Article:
Instead of the behemoth satellites of the past, which were often the size of a school bus, new models embed more power into smaller, capital-light packages. Space can now be approached faster and at lower cost, opening up tremendous opportunities for monitoring this planet, but also greater risks of collision.
With increasing activity, the time is ripe to rethink the approaches to designing, deploying, and managing assets on-orbit and to form a more collaborative approach to de-risking an increasingly crowded LEO environment.
Smarter and More Maneuverable
Most smallsats that are launched these days lack any propulsion system and capability to actively and swiftly maneuver around a potential collision. In fact, the satellite that was traveling toward Denali recently had no active means to maneuver and avoid a collision.
If Denali had been a passive satellite with no capability to maneuver itself out of harm’s way, this potentially destructive disaster could have easily turned into a major catastrophe in space with consequences far beyond Denali impacting other satellites in orbit.
There is currently no law that requires any satellite to have any maneuverability capability or collision avoidance systems. The only space debris related guideline is to bring down a satellite (either through deflection into space or burn into the atmosphere) within 25 years.
This lack of regulation might have worked okay for the last few decades; however, in the 21st century, where space is open for business, re-think debris and satellite policies and regulations is an absolute must.
Improving Coordination and Communication
Just as airplanes operate globally within the safety and flight regulations outlined by the United Nations-sprung International Civil Aviation Organization, we as a worldwide community of space pioneers and stewards could adopt a collective vision and policy structure for a safe and prosperous low Earth orbit.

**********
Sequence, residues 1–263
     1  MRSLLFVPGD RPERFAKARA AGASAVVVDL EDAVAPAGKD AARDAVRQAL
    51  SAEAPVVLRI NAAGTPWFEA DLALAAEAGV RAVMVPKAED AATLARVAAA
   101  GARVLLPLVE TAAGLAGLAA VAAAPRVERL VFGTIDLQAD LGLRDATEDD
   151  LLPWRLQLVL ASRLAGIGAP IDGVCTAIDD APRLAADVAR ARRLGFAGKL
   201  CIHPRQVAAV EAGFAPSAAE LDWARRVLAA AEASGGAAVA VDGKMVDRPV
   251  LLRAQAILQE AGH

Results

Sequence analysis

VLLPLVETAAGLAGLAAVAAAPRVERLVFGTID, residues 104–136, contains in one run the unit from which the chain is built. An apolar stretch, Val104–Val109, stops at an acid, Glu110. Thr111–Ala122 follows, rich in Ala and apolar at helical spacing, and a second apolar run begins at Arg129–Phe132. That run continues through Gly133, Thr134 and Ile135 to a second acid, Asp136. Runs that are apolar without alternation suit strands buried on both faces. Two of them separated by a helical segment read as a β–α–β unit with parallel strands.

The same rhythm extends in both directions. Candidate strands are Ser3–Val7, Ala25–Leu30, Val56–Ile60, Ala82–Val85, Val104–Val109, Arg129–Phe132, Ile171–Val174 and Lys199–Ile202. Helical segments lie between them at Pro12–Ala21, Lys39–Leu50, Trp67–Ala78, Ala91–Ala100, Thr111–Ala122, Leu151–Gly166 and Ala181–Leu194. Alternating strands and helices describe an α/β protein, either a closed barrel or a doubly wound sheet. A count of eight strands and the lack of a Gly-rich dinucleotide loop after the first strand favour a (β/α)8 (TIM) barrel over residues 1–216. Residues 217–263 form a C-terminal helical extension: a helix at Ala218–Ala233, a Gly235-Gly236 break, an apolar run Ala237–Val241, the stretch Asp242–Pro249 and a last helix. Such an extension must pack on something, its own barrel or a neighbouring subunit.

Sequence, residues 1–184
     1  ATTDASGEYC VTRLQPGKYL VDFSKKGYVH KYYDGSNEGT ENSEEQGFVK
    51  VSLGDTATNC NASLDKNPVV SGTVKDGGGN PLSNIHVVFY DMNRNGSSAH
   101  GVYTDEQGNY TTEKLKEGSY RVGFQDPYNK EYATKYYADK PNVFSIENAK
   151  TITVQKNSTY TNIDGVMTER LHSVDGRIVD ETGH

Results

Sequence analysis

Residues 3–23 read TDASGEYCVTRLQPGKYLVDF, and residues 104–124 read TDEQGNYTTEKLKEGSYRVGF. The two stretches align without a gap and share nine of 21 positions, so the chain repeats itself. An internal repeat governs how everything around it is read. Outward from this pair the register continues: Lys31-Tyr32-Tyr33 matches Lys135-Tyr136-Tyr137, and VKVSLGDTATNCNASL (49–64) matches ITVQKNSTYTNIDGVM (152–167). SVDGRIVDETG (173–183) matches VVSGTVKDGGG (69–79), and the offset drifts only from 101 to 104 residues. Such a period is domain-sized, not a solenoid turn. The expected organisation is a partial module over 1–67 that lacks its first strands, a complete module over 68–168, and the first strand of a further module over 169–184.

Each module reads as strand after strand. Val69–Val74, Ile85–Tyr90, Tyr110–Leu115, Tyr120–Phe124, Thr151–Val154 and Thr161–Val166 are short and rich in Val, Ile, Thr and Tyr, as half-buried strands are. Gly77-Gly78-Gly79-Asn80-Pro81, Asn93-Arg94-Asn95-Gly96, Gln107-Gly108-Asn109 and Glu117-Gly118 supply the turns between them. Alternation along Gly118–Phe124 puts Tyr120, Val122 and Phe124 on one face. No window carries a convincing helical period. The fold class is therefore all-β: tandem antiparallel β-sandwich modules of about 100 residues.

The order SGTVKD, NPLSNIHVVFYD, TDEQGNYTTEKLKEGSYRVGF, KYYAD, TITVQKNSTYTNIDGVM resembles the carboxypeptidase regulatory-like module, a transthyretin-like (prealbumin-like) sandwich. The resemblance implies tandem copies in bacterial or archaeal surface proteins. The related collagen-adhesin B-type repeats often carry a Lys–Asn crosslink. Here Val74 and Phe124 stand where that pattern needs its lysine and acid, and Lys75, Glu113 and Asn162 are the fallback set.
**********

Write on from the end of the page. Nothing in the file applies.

To fly harmoniously, all need to play by the same rules — and we need to make sure those rules are legible and enforced, regardless of the flags anyone operates under, or the location of the launch pads.
Plan for Obsolescence
The spacecrafts of yesterday aren’t the sole source of the space junk problem. Current and future missions have a real potential to equal or surpass past debris.
Practicing space stewardship means better life-cycle management, pro-active collision avoidance and de-orbiting plans — in other words, before something goes up, there must be e a plan for how that spacecraft is going to come down and how it would maneuver to avoid a potential collision.
There’s no magic bullet to offset the space debris problem, but these three improvements together can come close to a solution. We’re living in the dawn of a golden age of satellite use and research.
To realize this potential, orbits need to be cleaned up and, when a spacecraft departs those orbits, they should be in better shape than when accessed for the benefit of future generations. This can be accomplished — if we work together.
Payam Banazadeh is the founder and CEO of Capella Space. He leads the overall strategy and operations of the company. Before Capella, Payam worked at the NASA Jet Propulsion Lab, where his work on two NASA missions was honored with their Mariner Award.
Payam holds a BS in Aerospace Engineering, from the University of Texas at Austin, and a MS in Business and Management from Stanford. Payam was recently named to Forbes “30 Under 30” list and is a fellow of the National Science Foundation.